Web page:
Joseph Loconte, a senior fellow at the Ethics and Public Policy Center, wrote a piece on Friday acknowledging the 100th anniversary of the publication of Walter Rauschenbusch’s Christianity and the Social Crisis. In keeping with the tone of discourse from the EPPC, his comments come from a conservative Christian (shall we say, “Religious Right”) viewpoint — not one that I particularly share.
His first two paragraphs are:
Within a few years of its publication in 1907, “Christianity and the Social Crisis” swept through America’s Protestant churches like a nor’easter, selling more than 50,000 copies to ministers and laypeople alike. In an age of social upheaval, Walter Rauschenbusch’s jeremiad was meant to rouse the church from its pietistic slumber. “If society continues to disintegrate and decay, the Church will be carried down with it,” he warned. “If the Church can rally such moral forces that injustice will be overcome . . . it will itself rise to higher liberty and life.”
The summons found many converts. Reflecting on the mood a few decades later, preacher Harry Emerson Fosdick gushed with nostalgia: It “struck home so poignantly,” he said, that it “ushered in a new era in Christian thought and action.” The era of Rauschenbusch is far from over: His “Social Gospel” message continues to inspire activists and theologians of all stripes. The question now, though, is whether its influence is a desirable thing–or a distraction of the Christian church from its deepest objectives.
I don’t recall when I first read Rauschenbusch, but I do remember that I read A Theology for the Social Gospel before reading Christianity and the Social Crisis. It must have been about 20 years ago that I read them both (and, I admit, I haven’t opened them again since); it was when I was still toying with the idea of entering ordained ministry. I do know that his writing had a profound influence on me and played a role in my decision to leave the practice of law and enter the priesthood. If I had been of a mind to make this a more academic pursuit and get a Ph.D. (also something I toyed with), I might have done something on relationship between Rauschenbusch and the Social Gospel movement and the later “liberation theology” movement of the late 20th Century. But working on a Ph.D. was less attractive than parish ministry, so that bit of social theological research will have to be left to someone else.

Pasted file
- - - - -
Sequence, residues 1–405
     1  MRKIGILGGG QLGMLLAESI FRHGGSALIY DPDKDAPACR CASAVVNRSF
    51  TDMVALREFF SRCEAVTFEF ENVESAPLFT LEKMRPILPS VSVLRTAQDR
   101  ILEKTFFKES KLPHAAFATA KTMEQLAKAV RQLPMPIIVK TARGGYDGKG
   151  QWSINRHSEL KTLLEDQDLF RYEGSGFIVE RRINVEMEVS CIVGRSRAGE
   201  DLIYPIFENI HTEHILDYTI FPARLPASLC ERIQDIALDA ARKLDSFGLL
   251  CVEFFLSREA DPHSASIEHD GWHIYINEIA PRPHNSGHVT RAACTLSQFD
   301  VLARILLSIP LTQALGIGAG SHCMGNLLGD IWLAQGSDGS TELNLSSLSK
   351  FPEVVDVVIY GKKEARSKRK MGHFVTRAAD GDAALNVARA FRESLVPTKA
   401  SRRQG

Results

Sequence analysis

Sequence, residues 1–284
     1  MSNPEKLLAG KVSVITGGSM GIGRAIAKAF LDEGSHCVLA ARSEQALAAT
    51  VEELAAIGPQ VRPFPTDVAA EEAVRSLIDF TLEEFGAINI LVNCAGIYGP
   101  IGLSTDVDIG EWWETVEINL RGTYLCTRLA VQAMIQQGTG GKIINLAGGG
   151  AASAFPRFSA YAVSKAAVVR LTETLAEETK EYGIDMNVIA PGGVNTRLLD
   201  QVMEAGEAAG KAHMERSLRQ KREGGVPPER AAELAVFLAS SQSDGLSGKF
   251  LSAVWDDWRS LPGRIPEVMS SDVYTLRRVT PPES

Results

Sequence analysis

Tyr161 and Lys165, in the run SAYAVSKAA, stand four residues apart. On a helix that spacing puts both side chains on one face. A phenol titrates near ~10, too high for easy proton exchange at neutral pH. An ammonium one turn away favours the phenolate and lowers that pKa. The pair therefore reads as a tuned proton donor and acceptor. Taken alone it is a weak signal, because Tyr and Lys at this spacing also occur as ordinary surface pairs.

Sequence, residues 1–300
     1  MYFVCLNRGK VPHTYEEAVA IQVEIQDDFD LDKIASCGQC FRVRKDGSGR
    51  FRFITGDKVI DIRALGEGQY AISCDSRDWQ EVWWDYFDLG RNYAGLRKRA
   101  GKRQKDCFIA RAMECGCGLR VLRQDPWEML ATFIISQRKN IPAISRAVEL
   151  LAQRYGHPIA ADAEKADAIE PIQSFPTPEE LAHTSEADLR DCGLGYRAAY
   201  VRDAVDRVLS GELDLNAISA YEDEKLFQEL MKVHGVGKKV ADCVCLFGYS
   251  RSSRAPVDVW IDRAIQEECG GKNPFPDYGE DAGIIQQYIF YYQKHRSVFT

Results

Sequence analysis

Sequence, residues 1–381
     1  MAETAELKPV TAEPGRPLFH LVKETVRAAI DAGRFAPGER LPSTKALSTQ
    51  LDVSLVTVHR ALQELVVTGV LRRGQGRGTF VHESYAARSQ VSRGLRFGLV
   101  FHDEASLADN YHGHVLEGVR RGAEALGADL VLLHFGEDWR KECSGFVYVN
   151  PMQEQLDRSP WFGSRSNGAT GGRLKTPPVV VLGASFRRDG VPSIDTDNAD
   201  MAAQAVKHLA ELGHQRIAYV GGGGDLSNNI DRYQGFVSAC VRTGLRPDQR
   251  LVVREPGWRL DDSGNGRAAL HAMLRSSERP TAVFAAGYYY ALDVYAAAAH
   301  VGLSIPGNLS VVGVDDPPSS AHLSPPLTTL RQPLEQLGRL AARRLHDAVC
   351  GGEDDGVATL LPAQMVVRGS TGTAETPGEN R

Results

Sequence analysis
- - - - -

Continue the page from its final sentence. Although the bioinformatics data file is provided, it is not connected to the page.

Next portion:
Loconte concludes his essay with a less than ringing endorsement (in fact, I’m sure it’s intended to be a denunciation) of Rauschenbusch:
It is hard to see, though, how Rauschenbusch’s theology could be called Christian in any meaningful sense of the term. It required no repentance or atonement and carried no fear of judgment or bracing hope of eternal life. He famously denied the doctrine of Christ’s Second Coming–with its promise of perfect justice and enduring mercy. The result was a flattened view of the human condition. “It is not possible honestly to confess that Jesus is the Christ of culture,” Niehbur wrote in “Christ and Culture” (1951), “unless one can confess much more than this.”
The Christian confession of faith, by itself, offers no guarantee that either individuals or societies will be transformed. But, for believers, not even the smallest steps forward can be taken without it.
I disagree with Loconte that Rauschenbusch’s and the other Social Gospelers’ theology cannot be called Christian “in any meaningful sense” … but I’ve decided not to contest that assertion vigorously here. I leave that consideration to our readers.
Because in about six hours I will be headed for the airport to board a plane on the first leg of a journey to Ireland for 18 days of what I hope will not be a “distraction” from the “deepest objectives” of the Christian church, but will be a distraction from its day to day operation. In other words, I am going on holiday! (By the way, what exactly are the “deepest objectives” of the Christian church? In my humble opinion those would be justice, freedom, human dignity — the sorts of things Jesus talked about when he mentioned, and not in an offhand way, the poor, the outcast, the naked, the hungry, the sick, the imprisoned, and all those other distracting people. Apparently Mr. Loconte doesn’t see it that way … but as I said, I’ll leave that consideration to our readers.)
I will, as time and technological availability allow, make entries to Bread and Wine, and perhaps post a photo or two of the Irish countryside. But other than that, and save for my own personal devotions and attending Sunday worship in a couple parishes of the Church of Ireland, no church activities for “yours truly” until June!